CMS Expert Guide to Distribution

Introduction

Companies put their products and services on the market in many different ways. Generally, the company may decide between (1) distributing the products and services itself via its own sales force or (2) distributing the products and services via third parties (sales intermediaries).

The cooperation with sales intermediaries may be established in various ways, depending on the depth of the level of cooperation. In summary, the possible ways of cooperation range from (1) entering into a "normal" framework sales agreement, (2) instructing Distributors or (3) Commercial Agents to (4) instructing of Franchisees. When talking about distribution cooperation, generally, only Distributors, Commercial Agents and Franchisees are of principal interest as "normal" framework sales agreements are subject to "normal" sales law.

This Guide will focus on Commercial Agents and Distributors as they constitute the two most tried and tested ways of selling products and services via third parties. Franchising will be addressed in a separate CMS Guide.

The terms "Commercial Agent" and "Distributor" are often used interchangeably. However, there are important legal and practical distinctions between the two.

  • Commercial Agents are independent sales intermediaries who, on a permanent basis (i.e. the Agency Agreement), acquire contracts between the company (i.e. the Principal) and the customer who buys the Principal's products or services. Commercial Agents do not themselves become a party to the contract under which the product is sold to the customer. Instead, they typically receive a renumeration from the Principal which is based on the business/turnover they acquire.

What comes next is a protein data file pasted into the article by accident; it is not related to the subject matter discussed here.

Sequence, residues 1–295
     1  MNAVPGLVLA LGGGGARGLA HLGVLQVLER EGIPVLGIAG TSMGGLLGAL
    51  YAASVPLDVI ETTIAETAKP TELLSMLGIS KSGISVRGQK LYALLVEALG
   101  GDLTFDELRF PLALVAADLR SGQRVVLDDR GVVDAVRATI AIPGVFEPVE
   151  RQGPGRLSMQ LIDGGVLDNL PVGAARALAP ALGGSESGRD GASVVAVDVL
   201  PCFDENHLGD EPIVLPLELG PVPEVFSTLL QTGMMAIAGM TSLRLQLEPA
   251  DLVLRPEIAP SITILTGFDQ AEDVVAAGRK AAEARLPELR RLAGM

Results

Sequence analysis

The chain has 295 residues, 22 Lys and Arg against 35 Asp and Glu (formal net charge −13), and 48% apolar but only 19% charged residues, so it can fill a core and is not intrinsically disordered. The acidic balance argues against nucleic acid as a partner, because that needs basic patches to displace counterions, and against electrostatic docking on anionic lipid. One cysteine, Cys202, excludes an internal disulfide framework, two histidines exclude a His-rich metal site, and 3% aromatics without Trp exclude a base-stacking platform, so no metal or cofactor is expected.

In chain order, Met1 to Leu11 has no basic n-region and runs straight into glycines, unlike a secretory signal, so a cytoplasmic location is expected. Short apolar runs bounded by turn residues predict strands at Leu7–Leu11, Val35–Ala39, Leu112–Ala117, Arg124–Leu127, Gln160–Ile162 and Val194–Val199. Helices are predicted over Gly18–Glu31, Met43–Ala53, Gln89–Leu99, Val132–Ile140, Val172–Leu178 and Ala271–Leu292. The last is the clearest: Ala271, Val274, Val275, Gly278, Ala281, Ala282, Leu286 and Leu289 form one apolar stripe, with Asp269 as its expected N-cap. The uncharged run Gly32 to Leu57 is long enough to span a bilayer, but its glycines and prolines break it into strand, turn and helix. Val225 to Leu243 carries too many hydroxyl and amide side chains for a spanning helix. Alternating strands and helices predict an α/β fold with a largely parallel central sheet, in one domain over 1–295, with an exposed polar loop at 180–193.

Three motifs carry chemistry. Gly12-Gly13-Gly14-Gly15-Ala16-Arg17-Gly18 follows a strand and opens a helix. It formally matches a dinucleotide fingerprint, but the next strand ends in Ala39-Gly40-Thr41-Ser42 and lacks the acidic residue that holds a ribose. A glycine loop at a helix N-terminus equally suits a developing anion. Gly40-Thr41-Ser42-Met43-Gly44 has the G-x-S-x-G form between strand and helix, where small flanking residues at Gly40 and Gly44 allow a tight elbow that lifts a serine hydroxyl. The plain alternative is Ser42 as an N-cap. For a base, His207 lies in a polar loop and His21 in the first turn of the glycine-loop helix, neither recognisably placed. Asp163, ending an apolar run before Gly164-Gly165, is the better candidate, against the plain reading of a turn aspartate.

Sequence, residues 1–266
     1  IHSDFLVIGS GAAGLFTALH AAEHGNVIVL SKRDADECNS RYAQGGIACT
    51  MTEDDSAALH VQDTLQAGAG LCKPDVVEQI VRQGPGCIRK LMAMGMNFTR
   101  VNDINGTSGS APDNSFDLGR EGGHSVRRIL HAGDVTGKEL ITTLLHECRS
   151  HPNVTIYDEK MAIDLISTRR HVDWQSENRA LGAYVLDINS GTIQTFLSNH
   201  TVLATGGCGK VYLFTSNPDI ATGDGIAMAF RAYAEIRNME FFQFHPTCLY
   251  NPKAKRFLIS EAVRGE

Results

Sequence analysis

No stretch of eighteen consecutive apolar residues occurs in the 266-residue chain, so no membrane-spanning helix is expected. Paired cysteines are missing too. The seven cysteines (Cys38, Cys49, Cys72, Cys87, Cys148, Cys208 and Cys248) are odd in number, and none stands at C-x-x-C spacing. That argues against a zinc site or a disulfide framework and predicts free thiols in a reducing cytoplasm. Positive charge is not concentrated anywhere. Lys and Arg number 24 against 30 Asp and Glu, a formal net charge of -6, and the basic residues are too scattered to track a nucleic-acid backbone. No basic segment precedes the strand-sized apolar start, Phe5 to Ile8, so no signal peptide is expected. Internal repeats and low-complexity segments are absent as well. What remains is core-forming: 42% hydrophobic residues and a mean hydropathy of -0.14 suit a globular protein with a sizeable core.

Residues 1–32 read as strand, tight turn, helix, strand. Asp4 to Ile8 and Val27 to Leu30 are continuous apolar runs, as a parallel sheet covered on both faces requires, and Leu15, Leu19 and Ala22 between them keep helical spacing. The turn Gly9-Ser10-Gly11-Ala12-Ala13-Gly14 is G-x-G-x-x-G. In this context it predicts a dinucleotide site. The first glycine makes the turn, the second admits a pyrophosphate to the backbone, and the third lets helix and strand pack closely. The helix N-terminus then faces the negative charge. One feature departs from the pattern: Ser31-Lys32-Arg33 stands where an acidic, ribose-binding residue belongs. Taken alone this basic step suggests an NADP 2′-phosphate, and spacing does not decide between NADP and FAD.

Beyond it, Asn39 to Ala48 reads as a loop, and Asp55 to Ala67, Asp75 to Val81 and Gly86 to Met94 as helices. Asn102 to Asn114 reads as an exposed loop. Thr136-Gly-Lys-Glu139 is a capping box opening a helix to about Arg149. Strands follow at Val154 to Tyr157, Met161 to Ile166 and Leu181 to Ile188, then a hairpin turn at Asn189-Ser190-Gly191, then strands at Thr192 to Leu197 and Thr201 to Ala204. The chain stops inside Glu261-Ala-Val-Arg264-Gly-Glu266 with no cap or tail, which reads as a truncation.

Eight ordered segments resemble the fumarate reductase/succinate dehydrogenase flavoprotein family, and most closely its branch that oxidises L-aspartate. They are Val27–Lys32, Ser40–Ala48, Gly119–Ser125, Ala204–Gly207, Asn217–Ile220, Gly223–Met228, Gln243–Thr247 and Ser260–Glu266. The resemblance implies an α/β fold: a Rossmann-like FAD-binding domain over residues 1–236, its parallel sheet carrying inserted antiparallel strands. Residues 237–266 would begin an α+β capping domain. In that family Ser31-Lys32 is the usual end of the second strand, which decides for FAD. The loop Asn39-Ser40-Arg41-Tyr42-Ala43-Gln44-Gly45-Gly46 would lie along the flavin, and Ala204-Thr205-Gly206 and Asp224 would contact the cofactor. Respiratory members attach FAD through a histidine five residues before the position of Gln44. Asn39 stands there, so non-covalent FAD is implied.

• Distributors are independent sales intermediaries who, on a permanent basis (i.e. the Distribution Agreement), in their own name and for their own account, sell the Principal's products or services to customers. With this form of cooperation, the Principal does not become a party to the contract under which the Principal's products or services are sold to the customer; the Distributor is the selling party. Therefore, as a starting point, the role of a Distributor equals the role of a "normal" purchasing party, however, the cooperation is much closer than in case of a mere seller/buyer relationship.

Within the European Union, the applicable law on Commercial Agents is – to a large extent – harmonised based on the Commercial Agents Directive (Council Directive No 86/653/EEC). Still, important differences exist which should be borne in mind and which could be costly to ignore. When it comes to Distributors, there is no harmonised law and the rules strongly deviate within the various countries.

We hope you find this overview helpful. Please do not hesitate to contact us in case of any questions or comments.